CIA Trojan Causes Siberian Gas Pipeline Explosion

Event Year: 1982 Reliability: Likely But Unconfirmed
Country: Russian Federation
Industry Type: Petroleum

Thomas Reed, senior US national security official, claims in his book “At The Abyss” that the United States allowed the USSR to steal pipeline control software from a Canadian company. This software included a Trojan Horse that caused a major explosion of the Trans-Siberian gas pipeline in June, 1982. The Trojan ran during a pressure test on the pipeline but doubled the usual pressure, causing the explosion. (#1, #2)

“In order to disrupt the Soviet gas supply, its hard currency earnings from the West, and the internal Russian economy, the pipeline software that was to run the pumps, turbines, and valves was programmed to go haywire, after a decent interval, to reset pump speeds and valve settings to produce pressures far beyond those acceptable to pipeline joints and welds,” Reed writes. (#3)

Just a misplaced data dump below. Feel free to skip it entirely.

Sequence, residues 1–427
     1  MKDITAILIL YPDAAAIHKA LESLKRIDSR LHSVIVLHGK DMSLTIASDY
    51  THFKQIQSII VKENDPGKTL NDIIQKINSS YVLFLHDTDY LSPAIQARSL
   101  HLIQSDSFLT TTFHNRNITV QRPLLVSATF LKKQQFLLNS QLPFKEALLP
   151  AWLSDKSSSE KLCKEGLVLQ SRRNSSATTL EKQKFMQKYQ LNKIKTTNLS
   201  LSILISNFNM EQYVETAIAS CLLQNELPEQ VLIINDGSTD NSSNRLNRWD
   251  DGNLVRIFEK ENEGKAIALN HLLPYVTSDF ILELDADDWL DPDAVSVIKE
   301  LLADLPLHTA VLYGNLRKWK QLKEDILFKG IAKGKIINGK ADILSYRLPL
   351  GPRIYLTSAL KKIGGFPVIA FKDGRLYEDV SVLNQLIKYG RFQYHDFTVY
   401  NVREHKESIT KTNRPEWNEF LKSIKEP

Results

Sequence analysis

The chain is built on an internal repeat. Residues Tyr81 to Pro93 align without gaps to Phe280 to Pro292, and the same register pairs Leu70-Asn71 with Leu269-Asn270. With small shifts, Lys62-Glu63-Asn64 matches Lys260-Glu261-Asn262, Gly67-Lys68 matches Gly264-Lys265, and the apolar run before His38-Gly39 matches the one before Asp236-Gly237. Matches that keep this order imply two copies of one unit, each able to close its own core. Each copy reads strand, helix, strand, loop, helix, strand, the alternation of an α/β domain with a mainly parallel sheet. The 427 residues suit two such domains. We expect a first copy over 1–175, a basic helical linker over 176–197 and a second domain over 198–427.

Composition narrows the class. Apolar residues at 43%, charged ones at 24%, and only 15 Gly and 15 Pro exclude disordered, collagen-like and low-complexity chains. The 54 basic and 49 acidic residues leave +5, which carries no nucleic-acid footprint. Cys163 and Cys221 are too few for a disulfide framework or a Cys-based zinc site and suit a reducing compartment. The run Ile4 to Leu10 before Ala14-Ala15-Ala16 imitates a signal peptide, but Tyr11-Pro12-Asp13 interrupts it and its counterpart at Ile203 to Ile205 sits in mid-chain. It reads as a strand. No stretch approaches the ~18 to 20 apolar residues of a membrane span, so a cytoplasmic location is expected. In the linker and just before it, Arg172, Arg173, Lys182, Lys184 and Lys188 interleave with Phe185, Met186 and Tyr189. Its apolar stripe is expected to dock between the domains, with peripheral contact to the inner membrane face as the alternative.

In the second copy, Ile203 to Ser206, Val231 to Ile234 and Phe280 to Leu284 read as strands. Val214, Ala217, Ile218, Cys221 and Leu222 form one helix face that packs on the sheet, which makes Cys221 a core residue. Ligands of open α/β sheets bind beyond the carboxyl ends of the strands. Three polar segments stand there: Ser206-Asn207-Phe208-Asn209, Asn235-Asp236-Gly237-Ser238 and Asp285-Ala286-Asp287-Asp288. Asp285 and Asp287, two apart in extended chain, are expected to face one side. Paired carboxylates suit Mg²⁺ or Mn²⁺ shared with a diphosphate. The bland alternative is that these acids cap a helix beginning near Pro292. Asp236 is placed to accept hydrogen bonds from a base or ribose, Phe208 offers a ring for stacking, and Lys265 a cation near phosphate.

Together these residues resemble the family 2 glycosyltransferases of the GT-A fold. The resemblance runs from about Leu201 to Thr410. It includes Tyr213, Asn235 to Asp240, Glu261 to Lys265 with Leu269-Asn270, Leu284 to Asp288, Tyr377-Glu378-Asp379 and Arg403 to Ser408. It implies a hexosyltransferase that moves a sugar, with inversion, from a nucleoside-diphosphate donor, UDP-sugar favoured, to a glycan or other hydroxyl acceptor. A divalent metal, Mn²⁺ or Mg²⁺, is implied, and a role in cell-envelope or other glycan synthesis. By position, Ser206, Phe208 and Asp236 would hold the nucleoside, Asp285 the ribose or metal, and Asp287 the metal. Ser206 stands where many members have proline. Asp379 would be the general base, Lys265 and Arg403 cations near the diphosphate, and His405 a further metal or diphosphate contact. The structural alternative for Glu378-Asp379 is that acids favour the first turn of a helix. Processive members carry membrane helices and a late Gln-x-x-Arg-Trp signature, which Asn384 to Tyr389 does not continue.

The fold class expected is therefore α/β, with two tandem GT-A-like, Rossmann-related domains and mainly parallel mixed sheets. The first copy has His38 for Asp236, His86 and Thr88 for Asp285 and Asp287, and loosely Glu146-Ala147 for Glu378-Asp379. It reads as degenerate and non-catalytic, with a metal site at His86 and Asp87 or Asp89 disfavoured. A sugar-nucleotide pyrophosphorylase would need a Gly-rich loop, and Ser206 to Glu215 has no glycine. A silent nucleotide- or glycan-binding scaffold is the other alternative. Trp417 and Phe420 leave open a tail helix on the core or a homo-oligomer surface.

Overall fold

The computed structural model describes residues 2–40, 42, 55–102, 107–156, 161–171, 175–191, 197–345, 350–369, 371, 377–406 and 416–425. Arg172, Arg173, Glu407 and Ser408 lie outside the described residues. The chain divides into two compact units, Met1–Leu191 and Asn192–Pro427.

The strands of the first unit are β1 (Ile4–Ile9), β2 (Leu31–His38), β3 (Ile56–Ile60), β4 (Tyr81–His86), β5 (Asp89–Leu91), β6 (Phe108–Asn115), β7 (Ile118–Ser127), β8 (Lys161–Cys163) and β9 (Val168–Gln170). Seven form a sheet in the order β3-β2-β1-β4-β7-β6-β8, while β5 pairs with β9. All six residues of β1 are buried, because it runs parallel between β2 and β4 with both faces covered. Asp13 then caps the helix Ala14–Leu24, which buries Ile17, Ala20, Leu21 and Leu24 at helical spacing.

The scheme to plant bugs in Soviet software was masterminded by Gus Weiss, who at the time was on the National Security Council and who died last year. Soviet agents had been so keen to acquire US technology, they didn’t question its provenance. (#4)

Russian newspaper sources deny the report, saying an explosion did take place, but it was caused by poor construction, not by planted software. “What the Americans have written is rubbish,” said Vasily Pchelintsev, who in 1982 headed the KGB office in the Tyumen region, the likely site of the explosion described in the book.” (#5)


The software sabotage had two effects, explains Reed. The first was economic. By creating an explosion with the power of a three kiloton nuclear weapon, the US disrupted supplies of gas and consequential foreign currency earnings. But the project also had important psychological advantages in the battle between the two superpowers.

“By implication, every cell of the Soviet leviathan might be infected,” Reed writes. “They had no way of knowing which equipment was sound, which was bogus. All was suspect, which was the intended endgame for the entire operation.”